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#ITDays: from quality data to added value

On September 28th, more than 270 IT and Digital professionals from Luxembourg gathered at the Crystal Park to discuss the latest trends of the data sector. Through a series of conferences, workshops and during the traditional networking cocktail, experts tried to answer the question asked by Kamel Amroune and the organizers: "How to build, explore, analyse, secure and trust your data?"

Circular 17/654: a must-needed clarification by the CSSF

The first speaker of the day was none other than David Hagen, Head of IT Supervision and Support PFS, CSSF. The goal of his speech was to help Luxemburgish companies to be compliant with the 17/654 circular which deals with data being put in the cloud. "We get many files of financial institution who wanted to go to the cloud and use specific products. We therefore needed to clarify the situation: the new circular came out" explained David Hagen. Its main objectives are: taking into account cloud specificities in the context of an outsourcing, distinguishing the provisioning of a cloud from the notion of operating in the sense of Support PFS, maintaining the latter's particularities and staying compatible as far as possible with the work done at EBA level.

David Hagen then shared specific examples with the audience: direct outsourcing to CSP, the use of a Support PFS and even indirect outsourcing to CSP through a non-regulated entity. He also highlighted the fact that the circular differs from previous ones in the sense that confidentiality is now based on technology and processes by applying key security principles, namely the "need to know" and "least privilege". David Hagen also addressed the topic of competencies and more specifically the need to have a cloud officer, who is notably responsible for the use of the cloud computing services and guarantees the competences of the teams. Before ending his presentation, he gave the audience recommendations and good practices on how to write a correct notification to the CSSF. "Cloud computing seems to be unavoidable, and so is trust. More EU regulation might be expected within the next five to ten years" he concluded.


Data: the oil of the 21st century?

Candi Carrera, Country Manager, Microsoft Luxembourg, then took the stage and started his presentation asking whether there was a correlation between actual oil and economic growth…and then compared it with the link between the digital universe and economic growth. "The landscape of data is growing exponentially. Will it drive economic growth? I do not have the answer yet" added Candi Carrera.

He then shared the example of a project led in India: in 2009, 50% of the inhabitants had no identification, as only traditional solutions for birth registrations were used. "The government decided to act and launch a biometric 12-digit digital identity authenticated by prints and retina scans. It fueled changed" explained Candi Carrera. "What has changed over the last years? Quantity can now be seen as a quality. Komorowski's law on storage costs allows data abundancy. Today, any activity creates a digital trace and AI techniques such as machine learning extract more value from data abundance than a human. Therefore, is data the new innovation fuel?". Yet, there are still some issues: the time to adapt to change is decreasing and we have not yet reached digital readiness for the most part. Candi ended his presentation by wondering if companies have the right mindset to embrace new technology as it will help attract new talent and help Luxembourg compete globally.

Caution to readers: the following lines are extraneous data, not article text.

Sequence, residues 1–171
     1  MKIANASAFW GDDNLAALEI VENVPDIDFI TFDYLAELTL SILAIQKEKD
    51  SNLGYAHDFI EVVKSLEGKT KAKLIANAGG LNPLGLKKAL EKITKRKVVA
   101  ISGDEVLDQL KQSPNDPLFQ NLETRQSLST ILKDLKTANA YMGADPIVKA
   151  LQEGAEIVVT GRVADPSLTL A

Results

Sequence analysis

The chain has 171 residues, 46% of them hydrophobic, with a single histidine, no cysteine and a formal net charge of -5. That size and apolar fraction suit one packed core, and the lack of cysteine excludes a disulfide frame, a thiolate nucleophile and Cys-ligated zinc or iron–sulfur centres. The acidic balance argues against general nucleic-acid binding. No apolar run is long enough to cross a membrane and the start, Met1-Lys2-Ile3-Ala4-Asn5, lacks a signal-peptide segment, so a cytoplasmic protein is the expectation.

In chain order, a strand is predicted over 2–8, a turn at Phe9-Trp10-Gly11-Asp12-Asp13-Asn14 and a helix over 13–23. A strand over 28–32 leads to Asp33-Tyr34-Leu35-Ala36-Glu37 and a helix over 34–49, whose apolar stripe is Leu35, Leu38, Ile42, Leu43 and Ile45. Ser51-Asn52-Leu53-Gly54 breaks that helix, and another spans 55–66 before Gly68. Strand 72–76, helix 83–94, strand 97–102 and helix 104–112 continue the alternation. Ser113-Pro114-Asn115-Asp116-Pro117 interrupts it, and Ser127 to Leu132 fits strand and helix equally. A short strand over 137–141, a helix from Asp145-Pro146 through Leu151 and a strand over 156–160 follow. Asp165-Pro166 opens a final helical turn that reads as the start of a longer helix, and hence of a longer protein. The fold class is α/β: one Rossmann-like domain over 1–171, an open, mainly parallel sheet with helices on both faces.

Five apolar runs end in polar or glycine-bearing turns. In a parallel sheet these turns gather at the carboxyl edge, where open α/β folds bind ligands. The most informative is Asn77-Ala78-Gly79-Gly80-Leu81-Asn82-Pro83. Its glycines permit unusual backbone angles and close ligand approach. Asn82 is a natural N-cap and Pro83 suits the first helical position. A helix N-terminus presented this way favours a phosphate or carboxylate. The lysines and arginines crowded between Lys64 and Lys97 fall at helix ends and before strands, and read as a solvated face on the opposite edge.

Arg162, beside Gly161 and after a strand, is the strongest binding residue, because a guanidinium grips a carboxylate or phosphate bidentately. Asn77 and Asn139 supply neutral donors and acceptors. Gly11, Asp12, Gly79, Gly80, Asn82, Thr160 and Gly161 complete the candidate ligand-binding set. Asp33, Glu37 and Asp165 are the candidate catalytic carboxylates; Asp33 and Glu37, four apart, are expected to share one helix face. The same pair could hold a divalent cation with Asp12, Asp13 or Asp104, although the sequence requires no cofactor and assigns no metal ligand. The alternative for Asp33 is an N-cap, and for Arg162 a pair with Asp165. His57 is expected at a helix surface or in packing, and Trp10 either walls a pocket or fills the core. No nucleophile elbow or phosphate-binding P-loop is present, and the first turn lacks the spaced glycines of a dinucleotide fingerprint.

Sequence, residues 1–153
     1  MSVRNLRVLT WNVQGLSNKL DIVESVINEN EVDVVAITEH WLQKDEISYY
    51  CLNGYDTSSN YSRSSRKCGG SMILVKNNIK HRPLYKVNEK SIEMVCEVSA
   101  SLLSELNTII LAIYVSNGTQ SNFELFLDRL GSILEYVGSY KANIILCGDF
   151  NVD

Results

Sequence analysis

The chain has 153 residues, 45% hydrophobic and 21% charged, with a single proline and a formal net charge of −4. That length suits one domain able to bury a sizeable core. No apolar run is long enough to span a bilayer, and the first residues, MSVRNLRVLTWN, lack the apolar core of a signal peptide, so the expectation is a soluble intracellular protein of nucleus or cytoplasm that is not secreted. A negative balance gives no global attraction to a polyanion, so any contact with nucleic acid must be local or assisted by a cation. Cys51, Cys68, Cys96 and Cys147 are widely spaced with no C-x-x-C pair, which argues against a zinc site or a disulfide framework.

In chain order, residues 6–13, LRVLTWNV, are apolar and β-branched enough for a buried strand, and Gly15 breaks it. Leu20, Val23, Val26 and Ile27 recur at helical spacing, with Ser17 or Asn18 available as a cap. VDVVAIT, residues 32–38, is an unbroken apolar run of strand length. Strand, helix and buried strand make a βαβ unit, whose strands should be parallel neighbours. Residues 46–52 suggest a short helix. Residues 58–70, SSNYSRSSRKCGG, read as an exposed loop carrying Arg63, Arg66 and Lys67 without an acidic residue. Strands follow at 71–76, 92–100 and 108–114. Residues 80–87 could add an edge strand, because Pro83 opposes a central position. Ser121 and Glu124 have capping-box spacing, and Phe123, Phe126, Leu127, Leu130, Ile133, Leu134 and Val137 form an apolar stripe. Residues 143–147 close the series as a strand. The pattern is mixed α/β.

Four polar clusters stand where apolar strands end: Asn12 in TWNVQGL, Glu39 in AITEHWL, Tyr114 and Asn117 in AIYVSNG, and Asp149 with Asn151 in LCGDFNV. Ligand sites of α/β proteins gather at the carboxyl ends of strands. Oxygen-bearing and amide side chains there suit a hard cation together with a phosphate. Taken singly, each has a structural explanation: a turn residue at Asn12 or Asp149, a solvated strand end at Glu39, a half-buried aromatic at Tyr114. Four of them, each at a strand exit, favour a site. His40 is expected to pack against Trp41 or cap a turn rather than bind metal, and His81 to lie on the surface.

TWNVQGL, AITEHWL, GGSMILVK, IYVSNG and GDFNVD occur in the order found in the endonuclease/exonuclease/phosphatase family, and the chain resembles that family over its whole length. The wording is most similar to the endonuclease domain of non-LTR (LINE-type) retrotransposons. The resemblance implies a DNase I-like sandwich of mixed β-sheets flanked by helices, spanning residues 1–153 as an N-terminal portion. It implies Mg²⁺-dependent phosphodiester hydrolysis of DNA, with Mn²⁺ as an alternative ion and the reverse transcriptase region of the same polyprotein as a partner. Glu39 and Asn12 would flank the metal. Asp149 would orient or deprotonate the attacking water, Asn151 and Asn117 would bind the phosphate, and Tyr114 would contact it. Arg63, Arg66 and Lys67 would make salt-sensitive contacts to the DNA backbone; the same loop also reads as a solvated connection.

Data in the cloud era: finding the right mix between humans and technology

His presentation was followed by a round table discussion moderated by Todd Hildebrant (Cloud and Infrastructure Technology Leader, PwC Luxembourg) on the topic of data in the cloud era. He started by asking a couple of questions: "With a trust issue, how can data be secured, and how can the cloud be leveraged?".

According to Wojciech Stoltysiak, Chief Technology and Innovation Officer at CHAMP Cargosystems, "Data is now at the heart of operation. And if data is nowadays seen as oil, analytics is therefore the engine". He then shared several examples showing the evolution of e-commerce, creating for instance new purchasing experiences but mostly highlighted the change in business models, which is now possible thanks to the increasing an ever-growing number of data.

Benoit Fortemps, Technology Strategist at Microsoft Luxembourg, insisted on the fact that the cloud now provides companies with technology in a simple and extremely fast way. "Moreover, technology is transparent: if you want it you can have it. But how can we make sense of it?" he added. He highlighted the fact that one of the hardest part was architecting and using these new technologies in the future. Finally, he insisted on the digital transformation of skills, as his colleague Candi previously stated, with the importance of taking care of humanity in a time of many transformations and innovation.

"Evolution is much faster than most people can follow" started Christophe Buschmann, Commissioner at the CNPD, who added that putting people at the center of the evolution will be the key of success. He also praised the GDPR and the fact that more trust will allow companies to move forward. "Yet, we need much more transparency and communication to get to the next stage" he concluded.

Then, Olivier Beaujean, Chief Digital Officer at IEE Luxembourg, addressed the topic of digital agility: "The right mix between minds and machine is needed to achieve this digital agility, which is composed of several stages: hype awareness, informed decision making and fast execution". The digital expert also told the audience about the ring of knowledge applied to data: gather, clean, create information then insights, deliver them to the right person at the right time, and share it.